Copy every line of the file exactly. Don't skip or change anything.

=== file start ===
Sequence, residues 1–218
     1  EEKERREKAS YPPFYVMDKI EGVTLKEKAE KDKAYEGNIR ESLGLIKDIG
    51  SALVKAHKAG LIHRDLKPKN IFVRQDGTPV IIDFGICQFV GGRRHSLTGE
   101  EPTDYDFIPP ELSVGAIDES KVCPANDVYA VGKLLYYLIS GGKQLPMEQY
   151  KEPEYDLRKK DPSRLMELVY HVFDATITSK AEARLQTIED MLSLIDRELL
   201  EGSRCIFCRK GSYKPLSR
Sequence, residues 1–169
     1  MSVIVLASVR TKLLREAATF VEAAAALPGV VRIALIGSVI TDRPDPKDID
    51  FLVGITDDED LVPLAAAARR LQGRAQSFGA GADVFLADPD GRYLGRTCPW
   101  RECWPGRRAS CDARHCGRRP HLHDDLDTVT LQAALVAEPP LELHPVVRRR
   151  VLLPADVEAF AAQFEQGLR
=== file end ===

Sequence, residues 1–218
     1  EEKERREKAS YPPFYVMDKI EGVTLKEKAE KDKAYEGNIR ESLGLIKDIG
    51  SALVKAHKAG LIHRDLKPKN IFVRQDGTPV IIDFGICQFV GGRRHSLTGE
   101  EPTDYDFIPP ELSVGAIDES KVCPANDVYA VGKLLYYLIS GGKQLPMEQY
   151  KEPEYDLRKK DPSRLMELVY HVFDATITSK AEARLQTIED MLSLIDRELL
   201  EGSRCIFCRK GSYKPLSR
Sequence, residues 1–169
     1  MSVIVLASVR TKLLREAATF VEAAAALPGV VRIALIGSVI TDRPDPKDID
    51  FLVGITDDED LVPLAAAARR LQGRAQSFGA GADVFLADPD GRYLGRTCPW
   101  RECWPGRRAS CDARHCGRRP HLHDDLDTVT LQAALVAEPP LELHPVVRRR
   151  VLLPADVEAF AAQFEQGLR